The purpose of this study will be to assess ethical practices and principles within the field of shift work in the law enforcement industry. The study will seek to address the ethical practices that are used in governing the work duties of police officers who work in shifts and how these ethical principles are used to address potential dilemmas. To better understand the topic under study, various concepts need to be defined. Shift work refers to a form of employment practice that utilizes the 24-hour system to organize work duties and activities into portions referred to as shifts (Tamagawa et al, 2007). It is also defined as a type of work schedule where employees work for certain hours that are different from the standard hours of work that are usually allocated for most employees. Shift work according to many researchers is synonymous with odd or irregular working hours as the time employees perform their duties is different from that of traditional working hours (Costa, 2003).
Shift work has become a common phenomenon especially in the service industry where professionals who work in hotels, call centers, hospitals, fire stations, correctional facilities, and police stations are required to be on the job 24 hours a day. The law enforcement industry with a particular focus on policing requires its employees to be on the job at all hours of the day and night to ensure that law and order have been maintained within their jurisdictions. All law enforcement officers are required to work in both the night and day shifts as the nature of their work requires them to be on the job round the clock with scheduled work breaks and rest durations. The reason for doing this is to increase the level of police patrols and surveillance, especially in dangerous neighborhoods so that crime levels are reduced. The general goal of shift work in most organizations is to increase the production and profit margins of a company without necessarily having the employees work for overtime (Swenson et al 2008).
Ethics within work organizations refers to the moral principles that govern the behavior and conduct of a person when performing their work duties. Ethics is defined as the set of moral principles that relate to a person’s conduct when it comes to certain situations. Ethical principles govern the moral framework of most industries around the world and they determine the code of conduct that will be used to govern the business operations of a company operating within a specific industry. Every organization around the world has a code of conduct that is used by employees to determine their conduct when it comes to various ethical dilemmas that might arise in the performance of work duties. In the law enforcement industry, all police officers are subject to codes of conduct that will determine the performance of their duties (Dembe, 2008).
The law enforcement code of conduct covers the primary responsibilities of police officers where they are required to act as the official representatives of the government, the level of discretion that they are meant to exercise when performing their duties to ensure that it is not in contradiction with the laid out laws and procedures, the use of force or any form of violence where police officers are not required to employ any excessive force when discharging their duties, the exercise of confidentiality where whatever they witness or hear should be kept a secret from the public and the exercise of integrity where all officers serving under the law enforcement industry are not meant to engage in illegal acts such as bribery, corruption or theft. These codes of ethics are important in the execution of the police officers job to ensure that their duties and responsibilities are not in contravention to the codes of ethics (Swenson et al, 2008). This study will seek to address the ethical practices that exist in shift work by relating these practices to shift work in the law enforcement industry.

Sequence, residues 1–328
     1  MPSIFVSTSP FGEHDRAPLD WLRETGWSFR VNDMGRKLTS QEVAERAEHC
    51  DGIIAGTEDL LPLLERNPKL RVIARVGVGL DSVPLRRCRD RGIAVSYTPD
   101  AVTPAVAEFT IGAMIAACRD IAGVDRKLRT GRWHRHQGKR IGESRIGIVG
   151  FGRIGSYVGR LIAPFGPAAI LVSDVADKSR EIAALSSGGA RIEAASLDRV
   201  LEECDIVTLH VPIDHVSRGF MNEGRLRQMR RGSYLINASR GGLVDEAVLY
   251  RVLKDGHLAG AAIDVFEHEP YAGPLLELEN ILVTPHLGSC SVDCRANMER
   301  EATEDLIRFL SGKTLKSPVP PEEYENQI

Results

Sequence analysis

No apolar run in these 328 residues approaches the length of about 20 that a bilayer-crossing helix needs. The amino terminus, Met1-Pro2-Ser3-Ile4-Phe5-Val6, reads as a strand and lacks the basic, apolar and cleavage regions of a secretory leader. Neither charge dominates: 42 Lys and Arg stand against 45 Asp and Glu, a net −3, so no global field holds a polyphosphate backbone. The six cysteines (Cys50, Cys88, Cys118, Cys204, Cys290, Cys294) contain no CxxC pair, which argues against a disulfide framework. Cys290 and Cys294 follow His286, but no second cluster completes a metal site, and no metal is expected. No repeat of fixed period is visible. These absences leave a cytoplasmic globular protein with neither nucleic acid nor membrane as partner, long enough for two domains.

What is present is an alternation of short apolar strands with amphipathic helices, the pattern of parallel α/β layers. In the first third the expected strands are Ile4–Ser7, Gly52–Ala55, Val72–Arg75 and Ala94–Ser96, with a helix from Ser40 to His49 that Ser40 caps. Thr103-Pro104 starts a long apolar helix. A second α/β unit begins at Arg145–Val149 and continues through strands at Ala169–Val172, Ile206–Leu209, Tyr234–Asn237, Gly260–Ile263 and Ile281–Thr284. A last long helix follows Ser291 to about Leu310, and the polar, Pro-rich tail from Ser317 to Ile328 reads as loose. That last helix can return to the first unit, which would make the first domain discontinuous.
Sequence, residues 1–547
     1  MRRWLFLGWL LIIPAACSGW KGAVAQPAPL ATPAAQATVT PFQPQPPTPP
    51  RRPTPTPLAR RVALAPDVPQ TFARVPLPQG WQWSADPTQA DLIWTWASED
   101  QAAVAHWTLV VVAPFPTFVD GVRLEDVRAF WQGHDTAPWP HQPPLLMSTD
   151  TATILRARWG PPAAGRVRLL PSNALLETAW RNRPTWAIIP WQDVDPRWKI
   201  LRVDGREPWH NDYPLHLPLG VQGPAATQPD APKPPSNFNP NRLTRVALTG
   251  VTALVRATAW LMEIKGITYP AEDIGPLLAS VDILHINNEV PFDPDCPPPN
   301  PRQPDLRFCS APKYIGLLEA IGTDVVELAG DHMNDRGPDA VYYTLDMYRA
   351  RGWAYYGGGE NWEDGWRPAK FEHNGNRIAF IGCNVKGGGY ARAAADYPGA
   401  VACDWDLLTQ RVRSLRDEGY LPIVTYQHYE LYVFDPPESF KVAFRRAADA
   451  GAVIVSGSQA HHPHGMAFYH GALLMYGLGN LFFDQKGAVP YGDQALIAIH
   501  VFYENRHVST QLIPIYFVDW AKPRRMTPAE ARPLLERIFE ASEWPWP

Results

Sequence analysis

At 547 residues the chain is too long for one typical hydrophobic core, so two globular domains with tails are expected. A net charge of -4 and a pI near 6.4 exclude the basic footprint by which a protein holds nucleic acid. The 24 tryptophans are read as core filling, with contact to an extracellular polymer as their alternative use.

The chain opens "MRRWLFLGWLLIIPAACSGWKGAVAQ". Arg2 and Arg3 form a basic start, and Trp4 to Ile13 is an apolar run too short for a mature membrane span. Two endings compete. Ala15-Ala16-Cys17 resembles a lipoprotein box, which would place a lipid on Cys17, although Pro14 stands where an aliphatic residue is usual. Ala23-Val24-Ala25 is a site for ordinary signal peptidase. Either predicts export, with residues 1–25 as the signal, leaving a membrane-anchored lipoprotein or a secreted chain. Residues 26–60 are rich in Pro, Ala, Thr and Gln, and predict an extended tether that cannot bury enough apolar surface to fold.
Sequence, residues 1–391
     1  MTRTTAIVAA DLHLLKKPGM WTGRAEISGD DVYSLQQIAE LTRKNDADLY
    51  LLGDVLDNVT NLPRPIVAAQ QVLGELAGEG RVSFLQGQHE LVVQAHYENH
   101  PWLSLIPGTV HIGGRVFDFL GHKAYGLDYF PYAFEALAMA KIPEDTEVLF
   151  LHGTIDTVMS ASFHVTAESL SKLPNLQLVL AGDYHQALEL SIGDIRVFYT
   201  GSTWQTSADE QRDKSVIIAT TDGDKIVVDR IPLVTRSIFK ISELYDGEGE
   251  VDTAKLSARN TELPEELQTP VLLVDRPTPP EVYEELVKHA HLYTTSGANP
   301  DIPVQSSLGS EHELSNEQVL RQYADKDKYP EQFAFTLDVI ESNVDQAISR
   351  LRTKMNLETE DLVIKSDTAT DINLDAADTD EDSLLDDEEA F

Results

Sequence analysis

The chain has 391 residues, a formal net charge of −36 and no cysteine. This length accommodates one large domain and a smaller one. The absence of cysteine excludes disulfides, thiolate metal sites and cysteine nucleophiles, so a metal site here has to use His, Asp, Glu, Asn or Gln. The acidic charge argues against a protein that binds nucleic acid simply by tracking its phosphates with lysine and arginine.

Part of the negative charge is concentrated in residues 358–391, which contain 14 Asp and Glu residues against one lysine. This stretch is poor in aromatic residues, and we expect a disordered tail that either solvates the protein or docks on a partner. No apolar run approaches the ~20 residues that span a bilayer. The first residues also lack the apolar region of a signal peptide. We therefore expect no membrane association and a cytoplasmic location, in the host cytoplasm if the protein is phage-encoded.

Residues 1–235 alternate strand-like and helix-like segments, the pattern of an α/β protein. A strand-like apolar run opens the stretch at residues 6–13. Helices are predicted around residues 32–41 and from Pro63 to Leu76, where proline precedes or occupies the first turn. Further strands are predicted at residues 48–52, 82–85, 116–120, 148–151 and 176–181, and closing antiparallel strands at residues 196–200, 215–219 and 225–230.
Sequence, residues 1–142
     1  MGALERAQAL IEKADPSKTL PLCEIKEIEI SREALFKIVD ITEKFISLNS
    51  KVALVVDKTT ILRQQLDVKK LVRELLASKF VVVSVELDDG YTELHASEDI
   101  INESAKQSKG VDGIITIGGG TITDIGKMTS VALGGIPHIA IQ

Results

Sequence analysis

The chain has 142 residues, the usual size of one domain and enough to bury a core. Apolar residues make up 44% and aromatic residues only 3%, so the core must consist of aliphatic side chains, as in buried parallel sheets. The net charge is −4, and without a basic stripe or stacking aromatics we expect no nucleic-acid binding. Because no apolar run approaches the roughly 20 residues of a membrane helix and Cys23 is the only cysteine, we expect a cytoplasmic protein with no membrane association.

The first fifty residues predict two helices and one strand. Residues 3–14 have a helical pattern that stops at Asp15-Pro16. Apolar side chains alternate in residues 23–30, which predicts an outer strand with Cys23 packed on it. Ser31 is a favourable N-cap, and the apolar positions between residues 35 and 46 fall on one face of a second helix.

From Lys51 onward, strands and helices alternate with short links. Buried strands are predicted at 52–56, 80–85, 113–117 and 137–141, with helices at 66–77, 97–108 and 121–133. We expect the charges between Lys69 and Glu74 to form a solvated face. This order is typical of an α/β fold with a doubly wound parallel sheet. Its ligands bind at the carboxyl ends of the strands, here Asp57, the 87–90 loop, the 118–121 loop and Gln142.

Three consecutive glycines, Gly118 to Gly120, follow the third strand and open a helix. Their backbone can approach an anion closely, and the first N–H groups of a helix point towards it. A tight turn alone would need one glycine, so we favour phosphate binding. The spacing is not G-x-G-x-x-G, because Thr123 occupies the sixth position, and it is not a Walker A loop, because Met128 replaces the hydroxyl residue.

Ethical Practices in Shift Work
Shift work has created a lot of ethical considerations because of the demanding work schedules and heavy workloads that most employees who work in shifts are plagued with. Shift work also presents other ethical considerations such as the complications that arise from the distinctive form of employment that governs the practice of shift work. In most work contexts, employees usually have partial control over their work activities as well as their working environment which at times makes it difficult for them to exercise ethics when performing their work duties. Shift work just like any other form of work is governed by various codes of conduct and practice that guide the duties of professionals who work in shifts (Dembe, 2008).
The codes of ethics developed for shift work mostly focus on responding to the long standing concerns that have arisen because of the impact of working for extended hours amongst employees. The risks created by fatigue and sleep deprivation have played a major role in the health of employees who work in shifts because they are exposed to extreme working conditions. The code of ethics for shift work therefore addresses such problems by educating and creating awareness on the ethical principles employers need to follow when utilizing work shifts. The purpose of the code of ethics is to provide practical guidance on how work risks and hazards can be minimized as the employee performs their duties. The code of work shift applies to all salaried employees that work in shifts within the various industries and sectors (Australian Medical Association, 2005).
The code stipulates that all employers who operate under work shifts should provide their employees with a safe system of working where they can be able to perform their duties without any threat to their general health and well being. In the law enforcement industry, this stipulation of the shift work code would require all police commandants to provide their junior police officers with a safe system of performing their work especially during the night shift to ensure that they do not experience any health complications that arise as a result of their line of work. The code also stipulates that employers are meant to provide adequate training and instruction to their employees to ensure that they are not exposed to extreme working condition during their shifts. This training in the case of law enforcers will be in the form of hazard training and emergency training preparedness to ensure that they are prepared when dealing with certain dangerous situations (Australian Medical Association, 2005).